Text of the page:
The progression of complex diseases like cancer, immune-mediated and neurological conditions often involves multiple disease pathways. Medicines that attack one target can bring benefits to patients, but researchers see room to advance the science even further. Enter bispecifics.
“A ‘bispecific’ is a biological therapy that binds to two different targets with the goal of enhanced effectiveness in treating diseased tissues,” says Susan Morgan-Lappe, Ph.D., associate director, oncology discovery, AbbVie. “With bispecifics, we are researching how we can deliver a one-two punch against the disease.”
How can bispecifics be created? One way is through a technology platform with a complicated name: Dual-Variable Domain Immunoglobulin (DVD-Ig) proteins. DVD-Ig allows two antibodies that target different disease pathways to be combined into a single medicine that blocks the functioning of two distinct targets.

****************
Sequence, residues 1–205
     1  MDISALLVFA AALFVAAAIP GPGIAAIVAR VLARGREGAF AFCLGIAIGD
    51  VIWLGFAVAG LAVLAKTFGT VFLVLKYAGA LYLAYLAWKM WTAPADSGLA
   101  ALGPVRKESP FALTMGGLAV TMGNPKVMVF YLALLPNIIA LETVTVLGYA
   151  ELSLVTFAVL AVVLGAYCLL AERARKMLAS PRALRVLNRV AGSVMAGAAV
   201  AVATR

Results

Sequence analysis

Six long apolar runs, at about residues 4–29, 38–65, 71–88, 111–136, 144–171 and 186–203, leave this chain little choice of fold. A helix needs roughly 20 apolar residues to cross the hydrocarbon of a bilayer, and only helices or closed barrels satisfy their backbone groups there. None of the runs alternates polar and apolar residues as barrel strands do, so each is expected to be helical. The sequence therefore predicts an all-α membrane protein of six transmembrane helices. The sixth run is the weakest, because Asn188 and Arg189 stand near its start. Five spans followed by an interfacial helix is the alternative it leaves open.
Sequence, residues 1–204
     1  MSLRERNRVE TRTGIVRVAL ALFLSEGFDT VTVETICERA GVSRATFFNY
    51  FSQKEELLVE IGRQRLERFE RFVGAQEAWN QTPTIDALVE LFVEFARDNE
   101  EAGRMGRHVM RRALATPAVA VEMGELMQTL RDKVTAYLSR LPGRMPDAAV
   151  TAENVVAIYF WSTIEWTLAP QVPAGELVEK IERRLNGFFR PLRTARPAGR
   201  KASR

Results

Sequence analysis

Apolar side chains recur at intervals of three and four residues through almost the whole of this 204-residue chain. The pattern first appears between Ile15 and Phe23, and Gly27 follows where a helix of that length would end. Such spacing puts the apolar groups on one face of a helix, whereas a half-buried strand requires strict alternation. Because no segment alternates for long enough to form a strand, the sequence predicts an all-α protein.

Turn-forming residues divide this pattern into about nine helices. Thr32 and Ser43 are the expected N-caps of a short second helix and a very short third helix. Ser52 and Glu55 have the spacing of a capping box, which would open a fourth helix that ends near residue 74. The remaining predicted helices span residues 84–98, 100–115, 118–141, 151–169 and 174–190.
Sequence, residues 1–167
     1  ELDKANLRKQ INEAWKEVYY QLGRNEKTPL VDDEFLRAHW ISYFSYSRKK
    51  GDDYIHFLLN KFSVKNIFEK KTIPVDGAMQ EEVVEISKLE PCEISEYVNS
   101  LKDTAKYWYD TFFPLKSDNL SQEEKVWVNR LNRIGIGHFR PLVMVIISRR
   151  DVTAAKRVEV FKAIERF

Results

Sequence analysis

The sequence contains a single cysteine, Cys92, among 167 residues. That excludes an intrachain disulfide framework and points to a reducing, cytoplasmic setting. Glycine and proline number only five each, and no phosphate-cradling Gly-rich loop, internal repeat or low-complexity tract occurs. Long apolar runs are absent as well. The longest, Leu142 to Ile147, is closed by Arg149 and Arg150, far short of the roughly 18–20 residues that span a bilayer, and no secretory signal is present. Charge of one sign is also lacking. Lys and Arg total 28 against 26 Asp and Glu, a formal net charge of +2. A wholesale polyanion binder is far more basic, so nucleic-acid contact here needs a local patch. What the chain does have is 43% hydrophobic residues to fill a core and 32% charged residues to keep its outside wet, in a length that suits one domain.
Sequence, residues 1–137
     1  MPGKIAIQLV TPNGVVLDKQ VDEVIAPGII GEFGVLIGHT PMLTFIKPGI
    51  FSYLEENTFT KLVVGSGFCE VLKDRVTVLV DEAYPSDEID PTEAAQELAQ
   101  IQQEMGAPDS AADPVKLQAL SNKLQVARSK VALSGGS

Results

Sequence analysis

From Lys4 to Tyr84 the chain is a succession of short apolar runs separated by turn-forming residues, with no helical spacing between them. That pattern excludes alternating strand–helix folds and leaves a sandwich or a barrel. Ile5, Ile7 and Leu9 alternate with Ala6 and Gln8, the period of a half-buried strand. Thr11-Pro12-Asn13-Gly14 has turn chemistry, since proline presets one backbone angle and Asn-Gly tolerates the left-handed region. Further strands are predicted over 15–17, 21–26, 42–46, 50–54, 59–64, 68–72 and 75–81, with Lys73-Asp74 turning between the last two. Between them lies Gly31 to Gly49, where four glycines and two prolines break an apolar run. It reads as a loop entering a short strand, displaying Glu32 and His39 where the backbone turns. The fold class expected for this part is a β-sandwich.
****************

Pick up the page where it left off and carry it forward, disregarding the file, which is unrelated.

Imagine attacking diseases like cancer or rheumatoid arthritis in two different ways with one single medicine; that’s what research on bispecifics is trying to achieve.